Confined to a wheelchair and unable to speak, McAuley suffered from Cerebral Palsy, Epilepsy and Scoliosis. Still, the 14-year-old Hendersonville girl is remembered best for her broad, contagious smile.

To honor that memory, Mary's friends, neighbors and family announced plans earlier this year to build Mary's Magical Place, an all-inclusive playground for children of all abilities and disabilities.

The city of Hendersonville officially designated land in Veterans Park for the $500,000 grass roots project in November.

From pre-school to high school fundraisers, to the inaugural Hendersonville Half-Marathon by the Hendersonville Rotary Club and the Junior Service League's Mr. Sumner County Pageant, the project has brought dozens of community and business groups together for one common goal: to make life a little better for the families of special needs children and adults.

Once completed, organizers hope the playground will draw families from across Middle Tennessee.

"If the community backs this project, this could be one of the best all-inclusive, handicap accessible playgrounds in the country," said Alderman Peg Petrelli.

With fundraising efforts in full swing and expected to continue through much of 2017, Mary's brief life will likely inspire and impact others for years to come.

For more information about Mary's Magical Place go to marysmagicalplace.org.

-TENA LEE, tlee@mainstreetmediatn.com

Kendra Jackson beats cancer

The girls' basketball coach at Station Camp High School returned to the sidelines this year after battling a rare form of cancer.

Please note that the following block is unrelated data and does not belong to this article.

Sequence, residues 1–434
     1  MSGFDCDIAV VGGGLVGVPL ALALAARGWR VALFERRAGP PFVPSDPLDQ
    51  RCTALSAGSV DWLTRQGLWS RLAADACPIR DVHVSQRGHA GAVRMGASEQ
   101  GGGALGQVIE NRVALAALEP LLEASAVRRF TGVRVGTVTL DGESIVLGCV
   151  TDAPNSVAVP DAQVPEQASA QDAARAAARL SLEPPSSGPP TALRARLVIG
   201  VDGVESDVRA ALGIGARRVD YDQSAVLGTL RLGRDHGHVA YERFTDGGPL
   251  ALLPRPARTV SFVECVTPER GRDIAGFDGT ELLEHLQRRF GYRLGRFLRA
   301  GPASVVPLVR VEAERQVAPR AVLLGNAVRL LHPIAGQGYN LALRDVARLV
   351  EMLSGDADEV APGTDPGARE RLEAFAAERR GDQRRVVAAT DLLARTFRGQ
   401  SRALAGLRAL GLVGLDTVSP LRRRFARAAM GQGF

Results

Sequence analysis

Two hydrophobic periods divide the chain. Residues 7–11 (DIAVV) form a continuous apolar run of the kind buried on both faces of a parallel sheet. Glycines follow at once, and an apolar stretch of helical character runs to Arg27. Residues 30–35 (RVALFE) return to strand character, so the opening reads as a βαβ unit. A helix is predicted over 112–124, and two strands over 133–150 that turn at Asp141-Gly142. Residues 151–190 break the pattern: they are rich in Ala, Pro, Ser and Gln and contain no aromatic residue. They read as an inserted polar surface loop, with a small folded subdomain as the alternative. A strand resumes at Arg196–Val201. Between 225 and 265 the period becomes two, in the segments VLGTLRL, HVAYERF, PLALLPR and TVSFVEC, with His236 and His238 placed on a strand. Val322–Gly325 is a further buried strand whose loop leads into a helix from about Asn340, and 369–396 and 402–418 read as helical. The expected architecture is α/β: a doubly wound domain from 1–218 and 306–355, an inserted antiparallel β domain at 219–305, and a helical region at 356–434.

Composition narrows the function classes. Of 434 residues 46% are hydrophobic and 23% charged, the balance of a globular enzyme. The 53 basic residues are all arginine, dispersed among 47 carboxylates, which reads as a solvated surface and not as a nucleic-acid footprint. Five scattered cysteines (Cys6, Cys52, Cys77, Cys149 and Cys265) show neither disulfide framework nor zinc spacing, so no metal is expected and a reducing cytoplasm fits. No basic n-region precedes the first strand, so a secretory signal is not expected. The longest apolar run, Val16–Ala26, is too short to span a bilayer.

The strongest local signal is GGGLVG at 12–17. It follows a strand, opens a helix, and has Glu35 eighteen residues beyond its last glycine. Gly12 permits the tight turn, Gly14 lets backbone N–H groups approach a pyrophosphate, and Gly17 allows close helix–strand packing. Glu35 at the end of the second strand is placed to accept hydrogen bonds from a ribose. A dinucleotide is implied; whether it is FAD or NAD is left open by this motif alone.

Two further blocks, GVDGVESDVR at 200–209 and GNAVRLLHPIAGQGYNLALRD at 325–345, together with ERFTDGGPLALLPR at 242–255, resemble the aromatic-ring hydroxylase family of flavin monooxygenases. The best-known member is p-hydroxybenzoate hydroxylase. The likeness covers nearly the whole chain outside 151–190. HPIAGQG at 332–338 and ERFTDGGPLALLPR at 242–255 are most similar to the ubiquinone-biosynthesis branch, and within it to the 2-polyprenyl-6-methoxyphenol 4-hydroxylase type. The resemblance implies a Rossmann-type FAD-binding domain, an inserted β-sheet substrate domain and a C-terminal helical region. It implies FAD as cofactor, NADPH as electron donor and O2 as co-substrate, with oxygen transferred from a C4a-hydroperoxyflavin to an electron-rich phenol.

First diagnosed in 2012, Jackson underwent a stem cell transplant in 2015 thanks to the generosity and love of her sister Christina. Unlike her playing and coaching career, Jackson's chances of defeating the deadly disease weren't exactly in her favor.

However, now the chances of winning a game against her team are slim.

With the squad returning to her style of pressing and running, she has put her stamp back on the team and they have only lost two games this year. Just last week, they won the Smoky Mountain Classic in Gatlinburg.

-JOSH NELSON, jnelson@mainstreetmediatn.com

Gallatin Square becomes an attraction

The square in Gallatin has seen a revitalization this year like it has not seen in a long time, often drawing visitors from across the county who might otherwise go to Nashville.

For years, businesses such as Govan's and Amber Leaf have had to adjust to survive. However, with the openings of Swaney Swift's, Crescent City Poboy's, Velvet Antler, Town Square Creamery, and Southern Gypsies, the square is a bustling place of activity nearly every day and night of the week.

In fact, the square has become an attraction, with businesses now thriving just off the center of downtown: Prince Street Pizza, Starr Ranch, Tennessee Honey, Chubb's, and Pristine Pup, just to name a few.

-JOSH NELSON, jnelson@mainstreetmediatn.com